I am a great lover of the combustion stove

    • Hi ANdrew. To my knowledge there isn’t a curved brick that goes over the top. The heat needs to rise from the oven to help heat the stovetop to my knowledge. There is a gentleman, Peter in Geelong who works on the IXL’s and other stoves and he may be able to provide more information for you.

  14. Andrew redpath says:

    Hi I am Andrew
    I have already sent you one message regarding the fire box bricks, I was also hoping that you may be able to shed some light on a operation manual and or parts manual?



  15. Ben says:

    Great blog. Hope Sonia is happy and well. We have also bought a second hand ixl 72, and will give it a clean and trial run, then hopefully connect it up to our hot water and get cooking, heating and eating! I am also wondering about the operation of the little lever at the bottom, and would really love a copy of the manual, hope it s not a bother? Need her to stay alight through the night as it’s pretty cold here on the edge of the Victorian high country!
    Cheers Ben

    • Hi Ben. We actually sold Sonia earlier this year as we are packing up and moving to live in Wales. 🏴󠁧󠁒󠁷󠁬󠁳󠁿 Sonia however lived on our back deck and cooked roasts, Yorkshire puddings cups of tea and all sorts and is off to get a new lease of life from a man who rebuilds stoves.
      I’ll forward you the manual. The lever at the bottom is about airflow. I’m not sure you will keep her going overnight as it’s such a small wood box but loading in some red gum overnight might do the trick. She’s more a stove than a heater if you know what I mean. Alternatively, the wetback can also link up to a hydronic heating radiator. πŸ™‚

    • Jay de Gier says:

      Hi Ben we have also purchased and IXL 72. Just wondering if you have found anywhere to get spare parts? Cheers Jay

  16. Jay de Gier says:

    Thank you for your blog about Sonia, we are looking at purchasing the same stove and your blog has certainly helped. Thank you for sharing.

  17. John Martin says:

    Hi Jessie
    We have just purchased an old IXL 72 and have just read your blog about restoring yours, what we’re after is a manual that you mention you have.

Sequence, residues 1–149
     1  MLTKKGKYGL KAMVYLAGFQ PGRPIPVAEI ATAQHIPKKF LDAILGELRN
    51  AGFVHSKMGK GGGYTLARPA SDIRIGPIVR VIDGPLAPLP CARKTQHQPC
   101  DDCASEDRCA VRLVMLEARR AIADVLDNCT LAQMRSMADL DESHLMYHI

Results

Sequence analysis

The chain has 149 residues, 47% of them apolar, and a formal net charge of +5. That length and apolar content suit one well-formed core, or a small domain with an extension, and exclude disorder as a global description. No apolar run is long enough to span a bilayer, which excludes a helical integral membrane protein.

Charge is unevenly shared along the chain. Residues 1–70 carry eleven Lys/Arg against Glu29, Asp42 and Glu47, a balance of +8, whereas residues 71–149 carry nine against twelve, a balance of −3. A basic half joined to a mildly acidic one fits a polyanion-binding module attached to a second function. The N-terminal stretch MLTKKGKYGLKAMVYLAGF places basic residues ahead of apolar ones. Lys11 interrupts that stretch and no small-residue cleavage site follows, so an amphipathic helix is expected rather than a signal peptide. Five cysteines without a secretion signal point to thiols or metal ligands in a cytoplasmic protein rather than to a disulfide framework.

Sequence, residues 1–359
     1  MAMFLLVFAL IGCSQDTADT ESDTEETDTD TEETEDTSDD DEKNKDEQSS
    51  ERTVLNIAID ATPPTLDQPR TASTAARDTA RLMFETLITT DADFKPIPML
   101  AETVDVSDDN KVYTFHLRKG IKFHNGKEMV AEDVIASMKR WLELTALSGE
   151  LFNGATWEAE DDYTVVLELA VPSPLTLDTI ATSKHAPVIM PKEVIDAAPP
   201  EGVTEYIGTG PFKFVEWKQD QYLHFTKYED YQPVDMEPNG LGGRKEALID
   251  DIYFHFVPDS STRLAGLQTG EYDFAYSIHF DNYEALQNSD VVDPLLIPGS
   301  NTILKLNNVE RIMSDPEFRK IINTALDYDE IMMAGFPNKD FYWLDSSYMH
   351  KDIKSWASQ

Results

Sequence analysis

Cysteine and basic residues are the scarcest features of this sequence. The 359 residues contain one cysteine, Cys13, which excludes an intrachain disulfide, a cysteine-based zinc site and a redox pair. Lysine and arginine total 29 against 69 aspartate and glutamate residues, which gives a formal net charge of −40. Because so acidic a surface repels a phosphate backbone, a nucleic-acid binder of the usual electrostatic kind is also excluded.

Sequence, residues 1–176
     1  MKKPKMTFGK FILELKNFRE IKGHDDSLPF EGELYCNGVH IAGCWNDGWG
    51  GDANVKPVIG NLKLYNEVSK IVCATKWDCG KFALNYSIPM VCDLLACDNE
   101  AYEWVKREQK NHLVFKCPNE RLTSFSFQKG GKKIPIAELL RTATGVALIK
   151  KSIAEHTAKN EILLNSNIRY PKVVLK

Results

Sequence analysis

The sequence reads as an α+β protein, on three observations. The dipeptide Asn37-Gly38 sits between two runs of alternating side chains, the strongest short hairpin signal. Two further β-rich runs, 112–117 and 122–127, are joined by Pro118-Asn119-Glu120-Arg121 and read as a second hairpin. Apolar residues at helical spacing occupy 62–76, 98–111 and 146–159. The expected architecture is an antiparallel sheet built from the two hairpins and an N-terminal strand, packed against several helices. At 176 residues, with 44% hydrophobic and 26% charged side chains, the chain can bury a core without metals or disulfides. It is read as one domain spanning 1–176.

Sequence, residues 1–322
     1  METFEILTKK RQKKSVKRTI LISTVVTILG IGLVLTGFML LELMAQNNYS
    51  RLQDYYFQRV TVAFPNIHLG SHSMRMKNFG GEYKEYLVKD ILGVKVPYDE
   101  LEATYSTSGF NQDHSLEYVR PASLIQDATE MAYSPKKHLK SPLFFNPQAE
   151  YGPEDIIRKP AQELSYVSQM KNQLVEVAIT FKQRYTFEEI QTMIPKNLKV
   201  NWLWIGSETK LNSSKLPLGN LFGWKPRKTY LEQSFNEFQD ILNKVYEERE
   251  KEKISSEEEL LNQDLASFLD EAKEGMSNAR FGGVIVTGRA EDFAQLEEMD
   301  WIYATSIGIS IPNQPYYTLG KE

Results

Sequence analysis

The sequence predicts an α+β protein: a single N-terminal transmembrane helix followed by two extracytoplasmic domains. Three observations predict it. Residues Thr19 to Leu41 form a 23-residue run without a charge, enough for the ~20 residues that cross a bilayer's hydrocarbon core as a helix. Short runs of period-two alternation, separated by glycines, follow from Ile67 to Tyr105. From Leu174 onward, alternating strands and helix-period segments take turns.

If you could email it to us we would be so grateful.
    Regards John.

  18. Cam says:

    We have just bought a IXL number16 we found. Trying to find info like build date ECT.

  19. Grace Valenti says:

    Hi Sonia I don’t know whether you’ll see this post as I I have read your blog from about 2015 in regards to IXL wood stove. I just purchased an IXL 71 and was wondering about the manual you have could you give me more details kind regards

  20. Steve says:

    Hi Sonia, Ive also struggled to come up with a manual. If you don’t mind sending me a copy I would really appreciate it. In the process of restoring mine now.

    • Jason says:


      I just acquired by chance the same oven last week end. I plan to cook in it today. Any chance you can send me a photo of the instructions?

  21. Jason says:

    Hi Sorry to bother you I would really appreciate if you could send me a copy of the manual as well I just picked up a IXL 72 and would love a copy of the manual please please please

  22. Jackie Heaysman says:

    Hi thanks for sharing this information on your blog. We also have an IXL 72 and we love it! We use it all the time and it cooks an awesome roast. Ours is missing the damper in the flue which makes it a little hard to regulate. We are hoping to get one made but are not sure what it should look like. We would appreciate a copy of the manual if you wouldn’t mind emailing to me as it would be great to know more about the stove and it should help us with that part. Many thanks Jackie

  23. Chris J says:

    Hi All,

    Interesting read, we recently moved to a property with the identical stove, hoping to use it over winter, would anyone who has a copy be so kind to email it through??

    Cheers Chris

  24. Fran says:

    Hi, hope you’re still loving you’re old IXL, we have a 71 model & was hoping you could email me the instructions you have for the 72 model,
    Many Thanks

  25. Linda Dyer says:

    Hi there not sure if you are still seeing comments but would love a copy of ixl72 manual if by any chance you see this!
    Thanks so much,

  26. Clayton says:

    Hi there, could you please tell me if you ever managed to get a new wet back box for your stove, and if so where from? Also if possible could you please email me a copy of the manual you have? I am currently looking at a model 127 which is a bit later than the 72, but it may still be similar in it’s operation. Possibly about to head down the same path of restoration that you have already done, so really looking for anything that may help the process. Cheers, Clayton.

    • We never did get the restoration completed but Scandia stoves were the place to go. We’ve moved internationally so I haven’t kept the details. I will email you the manual now. Good luck with your stove. I must say I miss Sonia; she was a real beauty to cook on.

  27. Deepak says:

    I am new owner of used IXL 72 wood stove and have to restore it. It will be really helpful if you can share the user manual.